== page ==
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Intel’s Atom: Beyond netbooks

Have you noticed Atom-based laptops seem to be getting nicer? The latest models sport bigger screens, more RAM, and slimmer and lighter designs than anything that's come before. They are also using versions of the Atom processor that weren't originally intended to be used in laptops.

The Atom processor family tree is split into two main branches. The side of the family that's gotten the most attention so far is the 1.6GHz Atom N270, formerly called Diamondville. This chip is the heart of Intel's netbook platform, an Atom processor paired with Intel's 945GSE Express chip set and intended for use in small, portable laptops, like Asustek Computer's Eee PC and Acer's Aspire One.

The N270 is closely related to two other chips, the 1.6GHz Atom 230 and 1.6GHz Atom 330. Both chips are designed for use in low-end desktops, a product segment that Intel calls nettops.

The other side of the Atom processor family is the Z-series, formerly called Silverthorne, a range of chips released before the N270 that run at clock speeds from 800MHz to 1.86GHz.

“Certainly, the bulk of the volume and majority of netbook designs are and probably will remain on the N270. That said, if customers want to use a Z-series for these laptop designs, that is their choice,” said Bill Calder, a spokesman for the chipmaker.

Both the Z-series and the Atom chips found in netbooks and nettops have the same basic processor core. The only difference, apart from clock speeds, is that the Z-series processors support Intel's VT virtualization technology and Demand-Based Switching, a technology that reduces power consumption by adjusting the chip's voltage and frequency depending on how heavy the processing load is at a given moment.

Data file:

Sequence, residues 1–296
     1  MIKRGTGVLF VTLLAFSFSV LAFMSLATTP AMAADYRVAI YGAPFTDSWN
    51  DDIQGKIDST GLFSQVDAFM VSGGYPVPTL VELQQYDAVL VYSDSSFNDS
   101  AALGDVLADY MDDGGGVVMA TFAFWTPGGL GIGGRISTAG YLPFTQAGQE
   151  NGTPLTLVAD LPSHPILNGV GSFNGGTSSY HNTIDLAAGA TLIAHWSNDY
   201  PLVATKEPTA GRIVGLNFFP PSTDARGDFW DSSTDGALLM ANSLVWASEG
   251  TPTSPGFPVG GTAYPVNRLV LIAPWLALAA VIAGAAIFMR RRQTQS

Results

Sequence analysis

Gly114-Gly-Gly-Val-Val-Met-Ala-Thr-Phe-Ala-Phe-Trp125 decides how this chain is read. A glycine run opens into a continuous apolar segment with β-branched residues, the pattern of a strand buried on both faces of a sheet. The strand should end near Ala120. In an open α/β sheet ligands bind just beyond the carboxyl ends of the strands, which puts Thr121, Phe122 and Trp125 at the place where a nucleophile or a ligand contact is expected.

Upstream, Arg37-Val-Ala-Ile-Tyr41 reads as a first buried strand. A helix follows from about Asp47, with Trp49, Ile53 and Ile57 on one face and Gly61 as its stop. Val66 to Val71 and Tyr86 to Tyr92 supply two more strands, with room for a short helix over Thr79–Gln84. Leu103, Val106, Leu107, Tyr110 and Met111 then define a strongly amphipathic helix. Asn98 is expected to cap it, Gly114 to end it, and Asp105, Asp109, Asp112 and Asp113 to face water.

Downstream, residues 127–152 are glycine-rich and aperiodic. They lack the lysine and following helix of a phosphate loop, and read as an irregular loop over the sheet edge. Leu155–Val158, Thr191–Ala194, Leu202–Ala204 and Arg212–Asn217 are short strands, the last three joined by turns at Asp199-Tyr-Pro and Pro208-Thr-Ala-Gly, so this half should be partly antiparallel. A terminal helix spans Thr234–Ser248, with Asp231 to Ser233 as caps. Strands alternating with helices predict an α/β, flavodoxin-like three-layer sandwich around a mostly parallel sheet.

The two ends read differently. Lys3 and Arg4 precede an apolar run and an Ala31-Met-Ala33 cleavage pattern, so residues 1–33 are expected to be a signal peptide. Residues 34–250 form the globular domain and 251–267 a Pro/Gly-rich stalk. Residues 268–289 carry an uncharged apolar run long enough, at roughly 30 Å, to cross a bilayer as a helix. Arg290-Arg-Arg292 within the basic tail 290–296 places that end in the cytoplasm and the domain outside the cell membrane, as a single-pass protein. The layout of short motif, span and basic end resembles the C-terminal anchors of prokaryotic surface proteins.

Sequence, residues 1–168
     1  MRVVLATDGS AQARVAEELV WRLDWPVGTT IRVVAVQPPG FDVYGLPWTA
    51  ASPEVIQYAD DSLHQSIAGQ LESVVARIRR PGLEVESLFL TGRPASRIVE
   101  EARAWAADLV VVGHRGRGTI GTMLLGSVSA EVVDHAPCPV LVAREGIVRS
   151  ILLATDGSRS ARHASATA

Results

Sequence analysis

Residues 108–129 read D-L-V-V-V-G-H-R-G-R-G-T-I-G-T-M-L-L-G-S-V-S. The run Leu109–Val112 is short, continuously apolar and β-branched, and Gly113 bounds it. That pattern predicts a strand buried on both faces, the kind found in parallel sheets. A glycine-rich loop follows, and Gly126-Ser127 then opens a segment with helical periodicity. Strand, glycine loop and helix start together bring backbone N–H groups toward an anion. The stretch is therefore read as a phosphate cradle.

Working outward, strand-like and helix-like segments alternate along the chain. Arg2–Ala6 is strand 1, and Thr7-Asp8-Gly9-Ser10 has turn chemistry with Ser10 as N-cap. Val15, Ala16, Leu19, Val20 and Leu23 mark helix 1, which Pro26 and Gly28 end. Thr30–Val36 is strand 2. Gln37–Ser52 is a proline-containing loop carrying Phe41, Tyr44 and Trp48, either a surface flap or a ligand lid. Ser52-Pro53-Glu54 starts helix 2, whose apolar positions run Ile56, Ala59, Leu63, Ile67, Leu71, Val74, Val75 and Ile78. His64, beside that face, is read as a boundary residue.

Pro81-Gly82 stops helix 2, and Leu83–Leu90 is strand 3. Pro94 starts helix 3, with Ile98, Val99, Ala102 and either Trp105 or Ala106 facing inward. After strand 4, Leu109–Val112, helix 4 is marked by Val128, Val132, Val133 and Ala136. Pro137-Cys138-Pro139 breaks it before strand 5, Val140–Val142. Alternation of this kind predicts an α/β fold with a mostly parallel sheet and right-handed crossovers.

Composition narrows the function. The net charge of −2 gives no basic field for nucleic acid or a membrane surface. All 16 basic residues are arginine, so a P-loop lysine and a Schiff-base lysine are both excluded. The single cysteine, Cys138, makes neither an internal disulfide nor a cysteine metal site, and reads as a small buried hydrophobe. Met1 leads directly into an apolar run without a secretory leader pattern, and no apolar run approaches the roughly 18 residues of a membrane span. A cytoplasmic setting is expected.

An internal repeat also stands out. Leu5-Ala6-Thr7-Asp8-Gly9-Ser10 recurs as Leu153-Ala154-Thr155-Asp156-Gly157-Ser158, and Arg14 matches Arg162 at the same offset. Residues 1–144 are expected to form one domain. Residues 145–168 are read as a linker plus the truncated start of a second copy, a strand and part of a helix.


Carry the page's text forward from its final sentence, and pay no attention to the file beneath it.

Another feature of the Z-series is its chip set. Unlike the two-chip 945GSE Express used with the N270, the Z-series processors are paired with Intel's single-chip System Controller Hub US15W chip set, formerly called Poulsbo. The single-chip set helps cut power consumption and allows hardware makers to put Atom processors inside smaller computers.

The Z-series chips were originally designed for small, handheld computers that Intel calls mobile Internet devices, but they're now making their way into a new crop of Atom-based laptops, such as Sony's P-series.

The P-series mini-laptop, unveiled at the Consumer Electronics Show in Las Vegas this week, is arguably the nicest of the new machines. Priced at $900, the P Series has a 1.33GHz Atom Z520 processor, 8-inch widescreen display, 2GB of RAM, a 60GB hard drive, a built-in GPS and 3G modem, as well as Wi-Fi and other features packed inside a sleek 680-gram package that's just 2 centimeters thick.

Even though the Z520 is a slower processor than the N270, Sony executives are adamant that the P-series is not a netbook, pointing to the GPS and 3G support as features that set it apart.

“It's definitely more than a netbook, it's a full-featured PC,” said Michael Abary, senior vice president of product marketing at Sony Electronics.

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